by Gary Clifton
Table of Contents|
parts: 1, 2, 3
As usual, bedlam ruled as they walked through the lobby of Dallas Police Headquarters on South Lamar. Two uniformed cops were struggling with a large, screaming man in a Superman costume and purple hair. Two hookers in skimpy shorts sat handcuffed on a bench, spewing profanity. The lobby always reminded McCoy of the Texas State Fair.
In the Homicide Office, Maggs sat at a battered computer desk, punching keys. McCoy leaned over her shoulder. Klaster and Dwyer, the two terminated thieves, were both still in their teens. Aside from prior traffic convictions, neither had been caught dirty enough to prevent a security clearance.
McCoy and Maggs, journeymen in a “never be surprised” trade, were not shocked to learn Klaster had been found shot to death in a city park two weeks after he had been fired from Skyview.
“Related to gettin’ fired?” McCoy raised an eyebrow.
Maggs shrugged. “More likely a dope deal gone wrong.”
Harper strolled in, cigar stub firmly in place. Soaked in perspiration, he announced with disgust he had developed no additional leads despite walking “about fifty-eight miles” in the McKnight neighborhood in the heat.
Harper glanced at the photo on Magg’s computer. “Hey, I responded to that Klaster kid’s murder scene.” He swabbed his brow with a brown, rest room, paper towel. “Victim was just a kid. Hands tied behind with yellow nylon rope. Two behind the ear. No suspect or real motive.”
To get to stay inside out of the heat for an hour or so, Harper agreed to pull and re-examine the file on the Ivan Klaster murder.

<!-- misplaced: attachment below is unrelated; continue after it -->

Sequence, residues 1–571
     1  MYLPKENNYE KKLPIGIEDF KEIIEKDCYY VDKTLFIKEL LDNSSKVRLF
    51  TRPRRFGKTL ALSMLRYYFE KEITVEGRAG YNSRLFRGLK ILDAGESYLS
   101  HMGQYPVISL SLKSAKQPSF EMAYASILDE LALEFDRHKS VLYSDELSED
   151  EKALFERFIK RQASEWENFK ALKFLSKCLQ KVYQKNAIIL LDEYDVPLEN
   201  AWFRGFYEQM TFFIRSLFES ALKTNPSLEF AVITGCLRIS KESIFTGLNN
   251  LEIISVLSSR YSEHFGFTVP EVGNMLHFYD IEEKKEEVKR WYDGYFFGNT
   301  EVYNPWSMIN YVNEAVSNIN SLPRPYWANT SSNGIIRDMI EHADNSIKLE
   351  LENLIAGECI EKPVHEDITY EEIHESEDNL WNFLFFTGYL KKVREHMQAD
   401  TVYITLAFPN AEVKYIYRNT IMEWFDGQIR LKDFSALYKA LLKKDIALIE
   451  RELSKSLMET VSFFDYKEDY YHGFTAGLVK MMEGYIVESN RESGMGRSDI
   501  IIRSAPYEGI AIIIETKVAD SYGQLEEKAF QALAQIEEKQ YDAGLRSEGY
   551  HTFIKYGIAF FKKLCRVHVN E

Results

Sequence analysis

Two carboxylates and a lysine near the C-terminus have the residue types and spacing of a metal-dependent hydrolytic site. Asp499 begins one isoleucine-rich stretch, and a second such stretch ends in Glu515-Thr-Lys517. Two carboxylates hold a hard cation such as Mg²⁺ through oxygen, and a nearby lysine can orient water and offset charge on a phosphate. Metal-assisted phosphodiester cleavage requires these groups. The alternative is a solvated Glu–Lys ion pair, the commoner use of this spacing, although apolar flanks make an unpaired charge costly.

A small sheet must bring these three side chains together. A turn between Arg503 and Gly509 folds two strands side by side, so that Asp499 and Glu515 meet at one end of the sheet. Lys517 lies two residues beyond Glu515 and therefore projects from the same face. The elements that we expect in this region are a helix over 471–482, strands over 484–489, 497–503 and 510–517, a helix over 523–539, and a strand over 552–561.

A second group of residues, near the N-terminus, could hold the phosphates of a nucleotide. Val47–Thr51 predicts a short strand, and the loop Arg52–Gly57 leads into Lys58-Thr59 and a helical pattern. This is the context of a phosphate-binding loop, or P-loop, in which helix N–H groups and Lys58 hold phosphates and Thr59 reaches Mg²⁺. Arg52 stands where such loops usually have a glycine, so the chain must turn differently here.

McCoy and Maggs’s visit to the last known east Dallas address of Dwyer was a dry hole. His aunt, a clone of The Loch Ness Monster, denied Dwyer had ever lived there. She added, behind a forty-word symphony of profanity, she hadn’t even seen him in months and had no idea as to his whereabouts.
McCoy and Maggs instinctively saw she was lying and split. Their cop mentality calculated he’d turn up sooner or later in the computer-heavy criminal justice system — hopefully without a bullet in his head.
An hour in the well-furnished DEA offices disclosed that McKnight had been a squad supervisor in his last five years on the job, which limited direct contact with street narcotics offenders. The train between the last mope he had put away and present was fairly long for retaliation. But the chance of a guy with a grudge could not be ruled out.
After half a day with the records of the Clerk of the U.S. Court, and McCoy asked Maggs if there was anyone in Dallas who had not been in Federal trouble. The Clerk’s records, however, coughed up two inmates McKnight had sent away and who had been released within the past year. One had OD’d within a month of discharge from the Federal joint. The other was easy enough to find: Jacob Moncrief was one of the stern-faced guards on the gate at Skyview Marine.
“What are you doing tonight, partner?” McCoy glanced across the seat at Maggs.
“If you’re asking me out, pervert, you know I already have a—”
“No, I got nothing special to do. Thinking about sitting on Stephanie’s condo a couple hours later on. I want you to go home to your man and let me do this... And don’t tell the lieutenant.”
Maggs stared hard at him. “Don’t — repeat, don’t — stop on the way home for a nightcap. Skid off your program and I’ll personally kick your ass, understand?” McCoy had played tight end at a small college. He knew she might kick his ass anyway.
“Yes, mother,” he chuckled, genuinely grateful for the support.
At just past 9:00 pm, McCoy eased to the curb a block down from the McKnight condo. The pavement retained a full load of the earlier blazing sun’s heat. Sticky humidity rode the night air like a fresh coat of paint. A well-worn Buick was parked in front.